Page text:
Continuing on SQL Server on Amazon Web Services RDS journey that I started on previous post. In that post I covered basics of RDS, creating SQL Server instance in RDS and connecting to it. In this post I would like to cover additional topics that are near and dear to any RDBMS DBA, including backups\restores, HADR and talk about limitations of SQL Server on RDS.
Limitations for SQL Server in Amazon Web Services RDS. When you are setting up SQL Server in RDS you need to be aware of following:
- You only get SQL Server basic RDBMS Engine Services. SQL Server comes in with large number of components in addition to basic database services, These include Analysis, Reporting and Integration Services, Master Data Services, Distributed Relay, etc. As you setup SQL Server on premises you pick components that you need. With RDS all you can host is DB Engine Service, So if your application architecture involves running SQL Server instances with SSAS or SSRS, those components will have to be hosted elsewhere: this can be either an on-premise server within your network or an EC2 instance in the Amazon cloud. As an architectural best practice, it would make sense to host them in EC2.
- Although you can login from SQL Management Studio (SSMS) there is no Remote Desktop option available that I could find.
- Very limited file access.
- Size limitations. AFAIK the minimum size of a SQL Server RDS instance for Standard or Enterprise Edition is 200 GB.and max is 4 TB. Beyond 4 TB you would have create another instance and probably implement some sort of sharding methodology.
- Another limitation to be aware of is the number of SQL Server databases an RDS instance can host. It’s only 30 per instance.
- There are no high availability options available. So no replication, no log shipping, no AlwaysOn and no manual configuration of database mirroring. Mirroring is enabled for all databases if you are opting for a Multi-AZ rollout. The secondary replica hosts the mirrored databases.
- No distributed transaction support with MSDTC
- No FileStream, CDC, SQL Audit , Policy Based Management, etc.
So if I have no AlwaysOn Availability Groups or cluster how would HADR work?
Amazon RDS provides high availability and failover support for DB instances using Multi-AZ deployments. Multi-AZ deployments for Oracle, PostgreSQL, MySQL, and MariaDB DB instances use Amazon technology, while SQL Server DB instances use SQL Server Mirroring. In a Multi-AZ deployment, Amazon RDS automatically provisions and maintains a synchronous standby replica in a different Availability Zone. The primary DB instance is synchronously replicated across Availability Zones to a standby replica to provide data redundancy, eliminate I/O freezes, and minimize latency spikes during system backups.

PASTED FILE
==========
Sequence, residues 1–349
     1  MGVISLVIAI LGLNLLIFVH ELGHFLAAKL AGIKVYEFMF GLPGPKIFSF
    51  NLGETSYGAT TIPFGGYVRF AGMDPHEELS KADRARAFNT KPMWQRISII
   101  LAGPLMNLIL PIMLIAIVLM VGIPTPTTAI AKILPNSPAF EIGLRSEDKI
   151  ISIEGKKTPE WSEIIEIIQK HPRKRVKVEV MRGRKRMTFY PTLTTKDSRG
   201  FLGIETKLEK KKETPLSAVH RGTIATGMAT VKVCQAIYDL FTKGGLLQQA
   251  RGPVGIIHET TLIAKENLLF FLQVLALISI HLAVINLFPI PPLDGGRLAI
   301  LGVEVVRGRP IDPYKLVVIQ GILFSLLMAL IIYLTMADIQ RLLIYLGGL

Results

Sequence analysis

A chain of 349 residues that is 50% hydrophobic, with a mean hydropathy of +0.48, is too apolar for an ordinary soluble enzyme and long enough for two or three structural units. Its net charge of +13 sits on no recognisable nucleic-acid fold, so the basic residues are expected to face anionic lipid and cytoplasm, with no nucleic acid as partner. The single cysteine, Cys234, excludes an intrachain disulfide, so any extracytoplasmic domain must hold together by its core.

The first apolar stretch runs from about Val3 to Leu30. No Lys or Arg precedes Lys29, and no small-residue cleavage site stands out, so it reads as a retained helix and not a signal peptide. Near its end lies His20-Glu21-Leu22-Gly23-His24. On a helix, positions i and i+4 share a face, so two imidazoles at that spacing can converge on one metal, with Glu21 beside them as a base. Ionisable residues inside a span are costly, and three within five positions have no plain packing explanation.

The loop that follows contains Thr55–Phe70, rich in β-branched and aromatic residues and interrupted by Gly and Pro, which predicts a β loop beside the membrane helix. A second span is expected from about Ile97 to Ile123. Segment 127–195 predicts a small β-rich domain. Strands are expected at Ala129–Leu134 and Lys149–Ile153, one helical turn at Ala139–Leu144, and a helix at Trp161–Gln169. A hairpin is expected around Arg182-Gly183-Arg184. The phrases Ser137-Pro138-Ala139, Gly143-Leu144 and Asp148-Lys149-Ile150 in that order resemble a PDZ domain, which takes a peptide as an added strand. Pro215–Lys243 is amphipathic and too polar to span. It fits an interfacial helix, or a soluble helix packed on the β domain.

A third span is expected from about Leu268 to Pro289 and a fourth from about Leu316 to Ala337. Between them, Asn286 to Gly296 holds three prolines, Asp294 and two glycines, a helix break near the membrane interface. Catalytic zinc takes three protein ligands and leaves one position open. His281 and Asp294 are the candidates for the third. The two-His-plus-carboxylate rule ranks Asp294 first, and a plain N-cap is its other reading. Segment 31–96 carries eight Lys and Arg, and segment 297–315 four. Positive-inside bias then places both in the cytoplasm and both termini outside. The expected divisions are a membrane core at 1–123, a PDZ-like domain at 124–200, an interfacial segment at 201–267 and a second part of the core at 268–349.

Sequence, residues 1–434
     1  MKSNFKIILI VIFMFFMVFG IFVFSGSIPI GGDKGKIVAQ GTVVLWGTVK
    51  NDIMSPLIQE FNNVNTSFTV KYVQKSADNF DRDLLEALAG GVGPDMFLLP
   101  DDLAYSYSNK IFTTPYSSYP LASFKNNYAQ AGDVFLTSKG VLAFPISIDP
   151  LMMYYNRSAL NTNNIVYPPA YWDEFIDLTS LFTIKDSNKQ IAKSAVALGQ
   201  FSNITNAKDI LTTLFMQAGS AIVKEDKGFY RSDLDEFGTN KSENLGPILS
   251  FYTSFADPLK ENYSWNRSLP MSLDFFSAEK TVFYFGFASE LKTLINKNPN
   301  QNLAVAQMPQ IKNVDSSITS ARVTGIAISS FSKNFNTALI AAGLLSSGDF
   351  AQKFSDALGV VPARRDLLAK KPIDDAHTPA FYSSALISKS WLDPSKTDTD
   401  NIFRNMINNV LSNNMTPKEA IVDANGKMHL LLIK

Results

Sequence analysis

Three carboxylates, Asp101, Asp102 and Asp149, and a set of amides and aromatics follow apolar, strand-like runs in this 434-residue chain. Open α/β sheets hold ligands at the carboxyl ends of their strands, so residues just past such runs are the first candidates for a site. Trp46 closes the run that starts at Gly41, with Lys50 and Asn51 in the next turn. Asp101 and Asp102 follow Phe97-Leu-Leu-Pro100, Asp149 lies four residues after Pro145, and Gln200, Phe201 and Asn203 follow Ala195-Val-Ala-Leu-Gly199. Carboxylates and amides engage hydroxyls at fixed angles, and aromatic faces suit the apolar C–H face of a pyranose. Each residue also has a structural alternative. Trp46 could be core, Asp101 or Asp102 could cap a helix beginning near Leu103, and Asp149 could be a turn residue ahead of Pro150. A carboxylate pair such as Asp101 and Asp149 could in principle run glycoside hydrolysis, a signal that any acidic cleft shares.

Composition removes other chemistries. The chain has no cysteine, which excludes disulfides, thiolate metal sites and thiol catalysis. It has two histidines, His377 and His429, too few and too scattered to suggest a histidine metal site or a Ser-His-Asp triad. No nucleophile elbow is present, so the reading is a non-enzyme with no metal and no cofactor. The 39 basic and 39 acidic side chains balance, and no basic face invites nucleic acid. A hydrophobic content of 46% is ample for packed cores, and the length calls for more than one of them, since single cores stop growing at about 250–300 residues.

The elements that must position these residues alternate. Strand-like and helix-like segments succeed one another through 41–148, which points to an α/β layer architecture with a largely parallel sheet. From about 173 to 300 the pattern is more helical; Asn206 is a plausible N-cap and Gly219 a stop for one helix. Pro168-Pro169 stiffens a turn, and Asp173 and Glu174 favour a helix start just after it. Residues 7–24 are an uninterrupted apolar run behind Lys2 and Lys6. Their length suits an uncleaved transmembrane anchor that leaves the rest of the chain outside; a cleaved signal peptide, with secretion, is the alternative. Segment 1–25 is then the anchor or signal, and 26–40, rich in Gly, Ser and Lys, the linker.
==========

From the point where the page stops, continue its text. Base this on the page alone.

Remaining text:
The RDS console shows the Availability Zone of the standby replica (called the secondary AZ), or you can use the command rds-describe-db-instances or the API action DescribeDBInstances to find the secondary AZ. When using the BYOL licensing model, you must have a license for both the primary instance and the standby replica.
In the event of a planned or unplanned outage of your DB instance, Amazon RDS automatically switches to a standby replica in another Availability Zone if you have enabled Multi-AZ. The time it takes for the failover to complete depends on the database activity and other conditions at the time the primary DB instance became unavailable. Failover times are typically 60-120 seconds. However, large transactions or a lengthy recovery process can increase failover time. The failover mechanism automatically changes the DNS record of the DB instance to point to the standby DB instance.
Backups and Restores. Backup and restore has always been the easiest way of migrating SQL Server databases. Unfortunately this option is not available for RDS so DBAs have to fall back on the manual process of creating database schemas and importing data. You can also use the Database Import Export Wizard in SQL Server to move your data. In general Amazon defines has more on that procedure here – http://docs.aws.amazon.com/AmazonRDS/latest/UserGuide/SQLServer.Procedural.Importing.html
Interestingly you can also use SQLAzureMW tool http://sqlazuremw.codeplex.com/ to move schema and data from SQL Server to RDS.
That allows you to pick source objects to migrate:
Then you connect to destination and transfer schema and data: To me that’s much easier than scripting and transferring schema and using bcp separately on data.
For more info see – http://docs.aws.amazon.com/AmazonRDS/latest/UserGuide/Appendix.SQLServer.CommonDBATasks.html, https://youtu.be/7t2-95NDfBU, http://www.nimbo.com/blog/microsoft-sql-server-high-availability-ha-cloud/